Stakeholders Debate How to Regulate Reactive Chemicals

June 12, 2003
A government-sponsored roundtable devoted to the management of reactive chemical hazards attracted a broad cross section of chemical industry stakeholders and revealed a rough consensus that some form of regulation is needed to address the problem.

But major disagreements emerged about how to craft such a standard, some industry groups voiced opposition, and there were signs that the issue is not a top rulemaking priority for OSHA.

Scores of representatives from industry, labor and environmental groups met in Washington, DC for the one-day meeting, which was organized by the Chemical Safety Board (CSB), OSHA, and EPA to discuss CSB's recommendations that OSHA amend its Process Safety Management (PSM) standard to include reactive chemical hazards, and that EPA improve its data collection.

According to rules established by CSB, reporters attending the roundtable were not permitted to attribute quotes to specific persons.

"We didn't get any significant disagreements from big corporations [concerning CSB's regulatory proposal] mainly because they're already doing it," commented a CSB member near the end of the meeting.

But business was by no means united about the need for reactive chemical regulation.

A representative from a small business trade association voiced a dissenting view, preferring that the government focus on outreach and education, rather than regulation, to address the problem. Other industry trade association representatives privately expressed opposition to rulemaking.

OSHA itself has shown little interest in tackling the problem. Petitioned by labor groups in 1995 to issue an emergency standard on reactive chemicals, the agency made little progress and in 2001 removed the issue from its regulatory agenda.

During the roundtable, an OSHA official emphasized the technical difficulties of this particular rule as well as the enormous legal hurdles involved in all rulemaking.

In a development at the beginning of the day, OSHA may have tipped its hand that when it comes to reactive chemical hazards, it intends to favor outreach and guidance over rulemaking. The Center for Chemical Process Safety (CCPS) recently published a new best practices document on managing reactive chemical hazards, and moments before the rulemaking roundtable began, OSHA announced it would work with CCPS to make the contents of the document available to the public free of charge.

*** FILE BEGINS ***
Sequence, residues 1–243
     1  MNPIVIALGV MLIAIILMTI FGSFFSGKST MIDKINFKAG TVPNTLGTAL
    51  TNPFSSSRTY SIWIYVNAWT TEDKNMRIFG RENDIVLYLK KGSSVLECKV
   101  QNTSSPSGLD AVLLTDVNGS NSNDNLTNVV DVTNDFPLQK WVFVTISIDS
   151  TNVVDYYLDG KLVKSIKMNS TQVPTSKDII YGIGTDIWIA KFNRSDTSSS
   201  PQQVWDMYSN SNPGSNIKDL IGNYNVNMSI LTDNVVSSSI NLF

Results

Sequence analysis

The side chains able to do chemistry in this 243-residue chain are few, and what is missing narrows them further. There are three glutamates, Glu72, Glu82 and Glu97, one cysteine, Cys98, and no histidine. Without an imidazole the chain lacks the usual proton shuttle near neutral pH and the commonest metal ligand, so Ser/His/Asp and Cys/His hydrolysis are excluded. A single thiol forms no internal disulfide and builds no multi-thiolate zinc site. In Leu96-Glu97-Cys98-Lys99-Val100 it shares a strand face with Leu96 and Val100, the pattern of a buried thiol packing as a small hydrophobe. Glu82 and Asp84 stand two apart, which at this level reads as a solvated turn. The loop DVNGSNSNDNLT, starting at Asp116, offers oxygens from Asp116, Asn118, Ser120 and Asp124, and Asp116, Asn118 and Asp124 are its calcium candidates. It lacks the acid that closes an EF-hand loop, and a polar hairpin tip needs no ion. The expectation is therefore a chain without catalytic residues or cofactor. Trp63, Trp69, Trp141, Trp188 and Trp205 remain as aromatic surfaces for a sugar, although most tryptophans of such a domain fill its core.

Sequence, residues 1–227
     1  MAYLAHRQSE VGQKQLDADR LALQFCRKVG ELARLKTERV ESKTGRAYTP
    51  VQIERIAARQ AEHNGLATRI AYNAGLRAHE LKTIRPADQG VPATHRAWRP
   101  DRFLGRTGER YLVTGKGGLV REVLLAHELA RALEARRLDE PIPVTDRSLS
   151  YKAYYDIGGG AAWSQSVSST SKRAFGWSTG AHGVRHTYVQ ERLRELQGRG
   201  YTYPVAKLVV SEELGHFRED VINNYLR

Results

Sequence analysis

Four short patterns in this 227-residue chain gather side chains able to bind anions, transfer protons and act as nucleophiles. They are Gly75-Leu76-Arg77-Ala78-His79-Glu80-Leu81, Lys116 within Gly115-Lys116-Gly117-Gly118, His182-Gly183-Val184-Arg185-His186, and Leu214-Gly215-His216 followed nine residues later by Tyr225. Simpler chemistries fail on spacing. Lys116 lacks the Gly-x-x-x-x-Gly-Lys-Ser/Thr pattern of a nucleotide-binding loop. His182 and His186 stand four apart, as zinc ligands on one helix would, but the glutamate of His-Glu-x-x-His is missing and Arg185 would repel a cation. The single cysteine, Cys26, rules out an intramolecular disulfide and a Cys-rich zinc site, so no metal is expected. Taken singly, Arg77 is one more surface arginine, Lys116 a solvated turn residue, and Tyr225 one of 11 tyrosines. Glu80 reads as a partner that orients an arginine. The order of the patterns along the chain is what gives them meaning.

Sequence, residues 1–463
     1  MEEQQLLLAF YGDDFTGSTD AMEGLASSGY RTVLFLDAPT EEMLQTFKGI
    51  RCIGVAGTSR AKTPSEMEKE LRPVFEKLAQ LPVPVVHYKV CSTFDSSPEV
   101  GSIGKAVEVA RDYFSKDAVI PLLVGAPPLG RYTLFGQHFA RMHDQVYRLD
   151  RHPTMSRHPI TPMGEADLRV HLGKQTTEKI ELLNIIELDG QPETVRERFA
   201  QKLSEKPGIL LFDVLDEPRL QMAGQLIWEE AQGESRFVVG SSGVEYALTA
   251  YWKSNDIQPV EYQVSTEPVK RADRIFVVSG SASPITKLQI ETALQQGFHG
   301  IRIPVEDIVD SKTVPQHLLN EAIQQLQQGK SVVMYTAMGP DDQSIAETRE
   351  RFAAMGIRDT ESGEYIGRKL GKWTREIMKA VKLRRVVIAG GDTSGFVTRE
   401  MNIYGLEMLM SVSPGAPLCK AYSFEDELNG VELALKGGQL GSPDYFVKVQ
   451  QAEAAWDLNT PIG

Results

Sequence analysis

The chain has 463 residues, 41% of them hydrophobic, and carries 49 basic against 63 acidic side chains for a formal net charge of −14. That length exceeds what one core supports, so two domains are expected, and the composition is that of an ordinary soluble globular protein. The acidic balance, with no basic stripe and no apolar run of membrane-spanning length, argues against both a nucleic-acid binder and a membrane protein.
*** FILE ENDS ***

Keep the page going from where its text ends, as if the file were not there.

All participants at the roundtable agreed that workers and managers needed to have more access to training and knowledge of reactive hazards. But members of labor and environmental groups were more insistent that this did not preclude work on a new standard.

"CCPS books are great," commented one stakeholder. "But some people obviously aren't reading it, so some degree of adult supervision is required."

Labor representatives at the roundtable recounted the continuing death and injury toll of reactive hazards and expressed impatience with OSHA's failure to regulate reactive hazards.

"It's time you get off your butts and act," thundered one labor representative.

The day before the roundtable, a coalition of eight international labor unions and the AFL-CIO filed a petition requesting that OSHA amend the PSM standard to include reactive chemical hazards.

After morning presentations from industry, labor and academic representatives concerning the management of reactive chemical hazards, stakeholders spent the afternoon discussing the technical difficulties of regulating the substances.

Although CSB called for amending the existing PSM standard, some representatives said it would be better to create a new stand-alone regulation.

Another issue that provoked debate was whether to take a performance-based or prescriptive approach to the problem. While there was general agreement that simply adding a list of reactive chemicals would not be effective, some participants argued that a list in combination with other criteria could work. Just what those criteria might be engendered much discussion, and little agreement.

The crux of the matter appeared to be how to write a regulation that would capture a majority of reactive chemical hazards, without burdening chemical companies that don't face such issues.

At the close of the meeting, a CSB staff member with some rulemaking experience attempted to sum up the results of the roundtable.

"Given the range of disagreement around this table, it's not fair to expect OSHA and EPA to come back with a [regulatory] proposal," said the staff member. "People here ought to continue to talk, refine the arguments and give them some specific ideas of what will fly."

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